Cole Caufield and Jesse Ylonen are two great prospects, but they both play the right side. Beyond them, the top winger prospects are Rhett Pitlick, Joel Teasdale and Rafael Harvey-Pinard. They aren’t exactly blue chip prospects who are ready to make the jump to the top six soon.

Luckily for the Canadiens, there is a long list of great wingers available in this year’s draft. The Habs may have dropped from 9th to 16th in the first round, but that won’t stop them from finding a great winger in the opening round.

The top pick of the drat is going to be Alexis Lafreniere. Also sure to be gone by the time the Habs pick are Quinton Byfield, Tim Stutzle, Jamie Drysdale, Jake Sanderson, Marco Rossi, Cole Perfetti, Yaroslav Askarov, Lucas Raymond and Alexandre Holtz.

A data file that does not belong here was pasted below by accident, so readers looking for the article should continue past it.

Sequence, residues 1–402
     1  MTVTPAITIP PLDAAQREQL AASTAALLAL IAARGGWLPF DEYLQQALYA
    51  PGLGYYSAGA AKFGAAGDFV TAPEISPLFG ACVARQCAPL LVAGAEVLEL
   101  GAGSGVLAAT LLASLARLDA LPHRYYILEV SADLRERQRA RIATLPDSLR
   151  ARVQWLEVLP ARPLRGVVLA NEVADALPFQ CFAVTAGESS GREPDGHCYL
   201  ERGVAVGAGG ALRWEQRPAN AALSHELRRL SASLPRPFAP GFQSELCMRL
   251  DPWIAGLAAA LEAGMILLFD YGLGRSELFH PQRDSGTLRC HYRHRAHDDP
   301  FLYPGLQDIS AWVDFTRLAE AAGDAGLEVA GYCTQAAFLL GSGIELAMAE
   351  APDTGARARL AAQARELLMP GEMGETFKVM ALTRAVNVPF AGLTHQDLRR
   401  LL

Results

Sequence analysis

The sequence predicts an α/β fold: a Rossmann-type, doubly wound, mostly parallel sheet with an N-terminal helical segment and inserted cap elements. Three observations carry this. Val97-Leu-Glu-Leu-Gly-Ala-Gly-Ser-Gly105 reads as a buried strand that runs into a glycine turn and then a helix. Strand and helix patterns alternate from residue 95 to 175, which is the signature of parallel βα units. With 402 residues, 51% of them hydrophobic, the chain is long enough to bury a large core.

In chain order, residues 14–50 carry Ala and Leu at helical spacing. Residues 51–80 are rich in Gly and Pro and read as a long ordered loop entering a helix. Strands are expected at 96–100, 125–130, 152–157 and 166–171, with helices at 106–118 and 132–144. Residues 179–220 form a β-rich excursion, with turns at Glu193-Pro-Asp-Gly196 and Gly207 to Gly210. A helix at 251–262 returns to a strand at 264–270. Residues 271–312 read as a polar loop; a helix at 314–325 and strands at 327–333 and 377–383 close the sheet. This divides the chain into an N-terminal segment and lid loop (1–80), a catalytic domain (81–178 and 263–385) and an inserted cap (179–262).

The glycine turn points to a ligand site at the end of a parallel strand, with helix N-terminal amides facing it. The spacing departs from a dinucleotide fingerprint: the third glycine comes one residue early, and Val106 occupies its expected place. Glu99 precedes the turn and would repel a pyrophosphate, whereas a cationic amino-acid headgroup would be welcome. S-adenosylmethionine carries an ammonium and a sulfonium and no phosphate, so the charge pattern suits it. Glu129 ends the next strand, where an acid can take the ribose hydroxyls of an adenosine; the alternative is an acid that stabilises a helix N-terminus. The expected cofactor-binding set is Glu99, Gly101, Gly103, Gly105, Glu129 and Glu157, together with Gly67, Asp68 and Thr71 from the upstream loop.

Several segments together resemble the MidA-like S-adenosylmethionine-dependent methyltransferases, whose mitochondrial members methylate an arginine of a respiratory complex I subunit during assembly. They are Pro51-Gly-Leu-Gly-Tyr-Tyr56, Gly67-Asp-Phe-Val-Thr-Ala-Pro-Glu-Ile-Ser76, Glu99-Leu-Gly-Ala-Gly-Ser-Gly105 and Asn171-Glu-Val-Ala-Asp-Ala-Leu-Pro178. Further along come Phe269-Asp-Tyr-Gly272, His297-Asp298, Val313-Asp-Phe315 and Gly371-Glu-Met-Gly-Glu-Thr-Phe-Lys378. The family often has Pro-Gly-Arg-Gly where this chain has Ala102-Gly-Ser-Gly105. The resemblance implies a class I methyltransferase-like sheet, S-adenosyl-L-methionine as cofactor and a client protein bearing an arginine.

Had the Habs kept the 9th overall pick, they’d have grabbed someone from that list. But they are going to have to reach a little deeper than that. When they do, they will find some tremendous wingers.

Jack Quinn is probably going to be taken before 16th, but most have him ranked somewhere around the middle of the first round. He scored 52 goals and 89 points in 69 games for the Ottawa 67’s last year.

Seth Jarvis is another great goal scorer out of the CHL. He scored 42 goals and 98 points in 58 games for the Portland Winterhawks. The right winger isn’t the biggest prospect in the first round, but he can score as well as most of them.

Dawson Mercer was a depth piece for Canada at the World Juniors last year. He scored 24 goals and 60 points in just 42 QMJHL games last season.